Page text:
New Delhi: A year after Canadian Prime Minister Justin Trudeau’s disastrous trip to India, Prime Minister Narendra Modi has emerged as an electoral issue in Canada.
At the heart of the row, ahead of elections in October, is a forthcoming book that quotes Trudeau’s former principal secretary Gerald Butts accusing Modi of “screwing” the Canadian Prime Minister during his 2018 trip to India and helping his opposition, the Conservatives, in the country.
Trudeau’s trip last year to India made news for all the wrong reasons. Miffed at the Canadian PM’s support for ‘Sikh separatists’, Modi had refused to meet Trudeau until he made amends by meeting Punjab Chief Minister Amarinder Singh.
Trudeau has also faced criticism for dressing in ‘gimmicky’ ethnic Indian wear throughout his stay in the country and was slammed for the presence of attempted murder-accused and suspected Khalistani separatist Jaspal Atwal in official functions.
An excerpt from the book, Trudeau: The Education of a Prime Minister by National Post political columnist John Ivison, reveals the political implication that the trip had for the Canadian Prime Minister. It quotes Butts accusing Modi’s government of “throwing racks under our tires to help Conservatives”.
“We walked into a buzzsaw — (Narendra) Modi and his government were out to screw us and were throwing tacks under our tires to help Canadian conservatives, who did a good job of embarrassing us,” the book quotes Butts, who was until recently Trudeau’s advisor and resigned in the wake of the SNC-Lavalin scandal, as saying.
Butts also tells Ivison that Modi’s treatment of Trudeau was not the “core issue”. Instead, Trudeau and his family wearing traditional Indian clothes during the eight-day trip, seemed gimmicky and “seemed to resonate badly with the (Canadian) voters”.
“The picture will overwhelm words,” Butts is quoted as saying in the book.
Modi as a Canadian electoral issue
It is a rare occasion when India becomes an electoral issue outside of South Asia.
Conservative leader Andrew Sheer, who is expected to face Trudeau in the October election critiqued Trudeau about the recent revelations.
“There Trudeau goes again, blaming others for his own mistakes and poor judgment. This time it’s @NarendraModi. Trudeau’s failed leadership is no one’s fault but his own,” Sheer tweeted.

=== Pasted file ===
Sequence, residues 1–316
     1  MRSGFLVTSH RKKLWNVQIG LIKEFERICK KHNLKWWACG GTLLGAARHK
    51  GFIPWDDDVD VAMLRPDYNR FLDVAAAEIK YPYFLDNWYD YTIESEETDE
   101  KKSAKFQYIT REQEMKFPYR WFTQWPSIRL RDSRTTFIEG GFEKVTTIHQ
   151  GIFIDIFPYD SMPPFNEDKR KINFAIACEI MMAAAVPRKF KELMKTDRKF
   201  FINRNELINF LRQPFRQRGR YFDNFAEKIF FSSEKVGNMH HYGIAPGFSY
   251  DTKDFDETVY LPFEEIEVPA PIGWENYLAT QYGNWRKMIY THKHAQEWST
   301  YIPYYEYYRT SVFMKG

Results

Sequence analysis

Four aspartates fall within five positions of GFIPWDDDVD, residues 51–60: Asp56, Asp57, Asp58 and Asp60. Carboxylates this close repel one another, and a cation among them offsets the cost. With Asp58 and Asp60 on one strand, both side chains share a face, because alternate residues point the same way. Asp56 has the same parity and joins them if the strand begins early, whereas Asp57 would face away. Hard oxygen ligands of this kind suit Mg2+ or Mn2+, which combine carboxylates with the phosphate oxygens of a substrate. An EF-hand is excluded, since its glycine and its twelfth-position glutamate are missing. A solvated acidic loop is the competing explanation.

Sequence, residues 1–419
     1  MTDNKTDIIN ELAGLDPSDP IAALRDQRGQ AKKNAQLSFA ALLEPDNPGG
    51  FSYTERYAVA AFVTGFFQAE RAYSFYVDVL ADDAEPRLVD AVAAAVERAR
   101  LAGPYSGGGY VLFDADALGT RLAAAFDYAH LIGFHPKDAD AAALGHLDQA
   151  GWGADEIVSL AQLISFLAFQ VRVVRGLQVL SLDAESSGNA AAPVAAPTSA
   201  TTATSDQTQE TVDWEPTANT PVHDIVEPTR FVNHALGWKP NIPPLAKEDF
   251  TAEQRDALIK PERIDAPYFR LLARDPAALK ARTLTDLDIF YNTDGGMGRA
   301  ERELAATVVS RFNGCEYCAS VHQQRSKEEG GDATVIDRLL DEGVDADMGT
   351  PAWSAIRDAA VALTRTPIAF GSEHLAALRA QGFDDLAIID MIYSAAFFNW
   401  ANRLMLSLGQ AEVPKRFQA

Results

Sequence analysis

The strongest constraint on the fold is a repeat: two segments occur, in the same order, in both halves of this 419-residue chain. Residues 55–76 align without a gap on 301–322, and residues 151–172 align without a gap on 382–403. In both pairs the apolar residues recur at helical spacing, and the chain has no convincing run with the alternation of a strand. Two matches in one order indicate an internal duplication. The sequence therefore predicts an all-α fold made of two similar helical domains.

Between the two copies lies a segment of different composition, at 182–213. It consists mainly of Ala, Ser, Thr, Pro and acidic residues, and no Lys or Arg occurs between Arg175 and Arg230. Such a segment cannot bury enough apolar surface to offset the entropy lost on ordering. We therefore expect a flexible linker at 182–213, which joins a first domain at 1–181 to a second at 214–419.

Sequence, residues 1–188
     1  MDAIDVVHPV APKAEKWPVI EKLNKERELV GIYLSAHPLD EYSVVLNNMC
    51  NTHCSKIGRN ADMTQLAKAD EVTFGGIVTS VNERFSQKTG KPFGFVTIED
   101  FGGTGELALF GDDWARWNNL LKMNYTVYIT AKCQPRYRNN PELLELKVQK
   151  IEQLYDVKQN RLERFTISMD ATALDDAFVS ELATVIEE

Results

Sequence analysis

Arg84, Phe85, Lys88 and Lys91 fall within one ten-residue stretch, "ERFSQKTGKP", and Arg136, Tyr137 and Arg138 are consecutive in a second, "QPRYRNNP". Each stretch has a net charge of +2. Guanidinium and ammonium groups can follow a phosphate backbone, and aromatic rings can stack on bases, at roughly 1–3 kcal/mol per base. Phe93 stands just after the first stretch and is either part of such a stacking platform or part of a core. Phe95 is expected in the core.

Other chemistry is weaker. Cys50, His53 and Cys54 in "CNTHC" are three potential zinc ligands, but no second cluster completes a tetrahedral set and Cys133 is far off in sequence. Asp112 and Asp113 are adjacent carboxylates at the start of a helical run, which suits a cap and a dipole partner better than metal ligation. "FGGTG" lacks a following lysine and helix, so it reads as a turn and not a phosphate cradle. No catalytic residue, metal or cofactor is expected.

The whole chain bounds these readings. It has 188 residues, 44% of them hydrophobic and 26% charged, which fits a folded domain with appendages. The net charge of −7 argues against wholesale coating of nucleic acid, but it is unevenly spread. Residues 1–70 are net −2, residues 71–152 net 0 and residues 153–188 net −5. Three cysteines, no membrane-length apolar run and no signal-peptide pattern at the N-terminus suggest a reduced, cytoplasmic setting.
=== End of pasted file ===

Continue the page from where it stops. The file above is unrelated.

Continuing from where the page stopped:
Other politicians have called for restraint. Guy Caron, a foreign affairs analysts for the Canadian National Democratic Party (NDP), cautioned against letting these revelations spoil Canada’s diplomatic relations with India.
“It’s not appropriate for the prime minister’s former principal secretary to be making such comments while both governments are still in place,” Caron said. “This does not help our diplomatic relationships.”
The Atwal invitation
The book also delves into the alleged “accidental” invitation to suspected Khalistani separatist Atwal to one of Trudeau’s public events in India.
It quotes Trudeau’s then national security advisor, Daniel Jean, as having told reporters that “certain rogue factions” in the Indian intelligence may have allowed Atwal to visit India just to embarrass the Canadian leader “for being soft on Sikh separatism”.
Jean’s statements, however, have been previously reported and hotly debated in Canadian political circles. The controversy eventually resulted in Jean resigning from Trudeau’s government.
According to Canada’s National Post, the book also talks about other controversial aspects of Trudeau’s India visit. The Canadian tax payers had to incur $1.5 million on the prime minister’s India visit.
A disastrous trip
The India trip had been disastrous for Trudeau, with the book quoting Butts as having said that in terms of polling numbers, the trip was the end of the prime minister’s honeymoon period in Canada.
Snubbed by Modi over his Khalistan position, Trudeau in an embarrassing public statement had to announce that the Canadian government supports a “United India” and travelled to Punjab to meet Singh.
The row could not have come at a worse time for Trudeau. His popularity has taken a massive beating after the prime minister’s office was accused of interfering in the “SNC-Lavalin” corruption scandal and pressurising former justice minister and then attorney general Jody Wilson-Raybould to settle the case through an out-of-court settlement.
SNC-Lavalin, a Montreal-based global engineering and construction management company, is accused of paying C$47.4 million as bribes to the Libyan government between 2011-17.
Since the revelations, the Canadian leader has struggled to recover his lost popularity.